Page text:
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Subsidized Fitbit Flex comes to Japan with $5-a-month SoftBank Healthcare plan

Subsidized Fitbit Flex comes to Japan with $5-a-month SoftBank Healthcare plan


After iPhone success, prospective Sprint buyer looks west for another breakthrough device

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masayoshi son softbank healthcare fitbit flex
masayoshi son softbank healthcare fitbit flex

Flamboyant SoftBank CEO — and Sprint suitor — Masayoshi Son strode onto a Tokyo stage this afternoon to unveil his latest scheme to attract Japanese subscribers. SoftBank Healthcare is an unusual contract bolt-on that attempts to leverage the rise of personal fitness devices with the carrier's self-professed expertise in cloud and customer services. For ¥490 ($4.94) a month, you get access to 24-hour healthcare advice over the phone from SoftBank's team of medical specialists, along with the use of an app that tracks your activity data. Most surprisingly, that data will come from a free, subsidized Fitbit Flex, marking the fitness wristband's debut in Japan.

SoftBank's app visualizes the effect of an unhealthy lifestyle on your face

The deal comes with a few catches. SoftBank says that the regular Fitbit app won't work with the provided band; you'll have to use the carrier's own software, a proprietary app with selling points such as the esoteric Timeline feature, which visualizes the aging effect that a lack of activity will take on your visage. The app will only run on the iPhone 5, 4S, and Sharp's new Aquos Phone Xx 206H, which was also announced today. There's also no word on whether the band will be compatible with Fitbit's own open API for exporting data. And, while SoftBank Healthcare offers a way to pick up a Fitbit Flex without the initial $99 outlay required in the US, the plan can really be thought of as akin to a mobile phone contract — cancel within two years, and you'll have to pay a ¥7,500 (about $76) early termination fee.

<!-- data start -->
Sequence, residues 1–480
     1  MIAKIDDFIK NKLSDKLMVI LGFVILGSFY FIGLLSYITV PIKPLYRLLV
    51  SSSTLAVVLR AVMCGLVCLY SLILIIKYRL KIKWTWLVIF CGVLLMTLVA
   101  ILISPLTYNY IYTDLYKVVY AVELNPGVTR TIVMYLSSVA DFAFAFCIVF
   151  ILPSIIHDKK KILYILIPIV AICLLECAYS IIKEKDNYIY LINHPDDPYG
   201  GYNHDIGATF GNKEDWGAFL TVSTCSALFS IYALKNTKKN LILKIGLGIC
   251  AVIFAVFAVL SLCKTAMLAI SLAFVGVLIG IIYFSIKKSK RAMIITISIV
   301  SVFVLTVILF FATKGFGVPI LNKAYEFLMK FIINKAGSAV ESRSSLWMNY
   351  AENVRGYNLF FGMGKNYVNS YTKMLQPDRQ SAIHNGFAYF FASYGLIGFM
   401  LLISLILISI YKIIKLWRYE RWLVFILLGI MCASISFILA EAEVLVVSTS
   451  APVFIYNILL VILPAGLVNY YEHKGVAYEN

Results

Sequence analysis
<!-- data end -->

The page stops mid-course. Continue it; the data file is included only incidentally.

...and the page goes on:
Still, SoftBank Healthcare sees the carrier getting ahead of a growing trend in mobile. Samsung has made the most notable splash to date with its S Health service on the Galaxy S4; the phone's built-in pedometer and other sensors let owners track their steps, diet, and more. Similar features have been offered on Japanese smartphones for several years — handsets like SoftBank's own Aquos Phone 104SH also included a pedometer, for example, although the software hasn't been anywhere near as robust.

The latest breed of fitness devices is yet to really take off in Japan; Nike hasn't released its popular FuelBand in the country, and the Jawbone Up just came out last month. But SoftBank Healthcare could provide a compelling route for Japanese customers to get on board. Son said today that the healthcare service is in keeping with SoftBank's stated goal to "bring happiness to people through an information revolution" — and after driving local adoption of the iPhone, it wouldn't be the first time he's made a Japanese hit out of a product from afar.